Umbilical artery

Last revised by Kieran Kusel on 13 Feb 2020

The umbilical artery gives rise to both a nonfunctional remnant of the fetal circulation and an active vessel giving supply to the bladder. In the adult, the obliterated area of the vessel is identifiable as the medial umbilical ligament and the patent segment is the superior vesical artery.


Gross anatomy


The umbilical artery originates from the anterior division of the internal iliac artery. In the fetus, it travels within the umbilical cord to the placenta and hence is the communication to the maternal circulation.

After the umbilical cord has been cut at birth, clots form within the vessel and it obliterates. Its remnant can be found in the posterior aspect of the anterior abdominal wall as the medial umbilical ligament, which courses superomedially to the umbilicus, within a fold of peritoneum called the medial umbilical fold. It is a paired structure and lies lateral to the median umbilical ligament (the urachal remnant) and medial to the lateral umbilical fold, which contains the inferior epigastric vessels.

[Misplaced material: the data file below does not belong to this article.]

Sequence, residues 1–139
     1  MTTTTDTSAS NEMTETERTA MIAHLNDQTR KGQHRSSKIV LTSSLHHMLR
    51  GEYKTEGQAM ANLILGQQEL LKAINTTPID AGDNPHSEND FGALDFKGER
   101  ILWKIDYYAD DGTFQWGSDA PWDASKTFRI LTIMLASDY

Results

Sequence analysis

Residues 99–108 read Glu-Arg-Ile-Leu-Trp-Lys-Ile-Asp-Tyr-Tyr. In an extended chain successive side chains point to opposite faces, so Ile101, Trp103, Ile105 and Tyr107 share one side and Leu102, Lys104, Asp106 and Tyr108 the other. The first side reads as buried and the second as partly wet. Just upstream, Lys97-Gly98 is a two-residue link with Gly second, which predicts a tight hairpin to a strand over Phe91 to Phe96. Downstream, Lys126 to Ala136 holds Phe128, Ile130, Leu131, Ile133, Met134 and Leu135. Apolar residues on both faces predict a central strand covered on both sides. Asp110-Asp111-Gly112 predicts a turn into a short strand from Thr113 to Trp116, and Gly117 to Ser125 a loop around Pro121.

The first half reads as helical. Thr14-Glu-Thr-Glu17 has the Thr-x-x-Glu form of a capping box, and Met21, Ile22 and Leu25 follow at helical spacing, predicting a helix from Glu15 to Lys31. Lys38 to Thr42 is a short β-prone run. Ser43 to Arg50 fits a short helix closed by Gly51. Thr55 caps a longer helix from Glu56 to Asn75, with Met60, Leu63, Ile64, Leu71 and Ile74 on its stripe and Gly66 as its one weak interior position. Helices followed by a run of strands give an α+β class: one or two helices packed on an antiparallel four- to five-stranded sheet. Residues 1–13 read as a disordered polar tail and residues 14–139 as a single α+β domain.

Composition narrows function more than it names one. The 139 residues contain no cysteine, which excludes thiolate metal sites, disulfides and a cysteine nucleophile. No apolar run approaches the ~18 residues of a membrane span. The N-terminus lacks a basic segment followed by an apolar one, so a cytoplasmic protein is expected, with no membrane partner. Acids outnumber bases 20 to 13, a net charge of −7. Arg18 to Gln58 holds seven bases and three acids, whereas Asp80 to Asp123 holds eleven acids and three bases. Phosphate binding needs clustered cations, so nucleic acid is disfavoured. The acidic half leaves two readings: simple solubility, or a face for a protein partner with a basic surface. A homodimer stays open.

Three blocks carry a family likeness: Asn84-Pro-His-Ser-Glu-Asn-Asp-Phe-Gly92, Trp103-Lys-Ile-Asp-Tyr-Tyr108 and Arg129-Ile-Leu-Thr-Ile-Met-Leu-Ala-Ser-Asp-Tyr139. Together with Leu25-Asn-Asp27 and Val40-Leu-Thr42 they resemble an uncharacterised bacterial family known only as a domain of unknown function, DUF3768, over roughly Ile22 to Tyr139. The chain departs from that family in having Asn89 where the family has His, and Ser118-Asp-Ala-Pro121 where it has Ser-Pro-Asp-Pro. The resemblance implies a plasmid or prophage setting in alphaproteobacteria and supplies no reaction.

Within the fetus, the artery terminates in the placenta as multiple chorionic vessels.

In the adult, there are two vessels which the umbilical artery gives rise to; these are not branches but are actually a direct continuation of the umbilical artery:

  • obliterated umbilical artery: this is the distal part of the umbilical artery that thromboses soon after birth and hence becomes obliterated; it may be found as a remnant seen in the internal aspect of the anterior abdominal wall
  • superior vesical artery: the persistent proximal portion of the umbilical artery; runs along the side wall of the pelvis to its supply at the superior bladder as well as adjacent ureter and ductus deferens

In the fetus, the paired umbilical arteries travel within the umbilical cord to carry deoxygenated blood from the fetus to the mother.

In the adult, the superior vesical artery gives vascular supply to the superior bladder, the portion of the ureter next to this and the ductus deferens.

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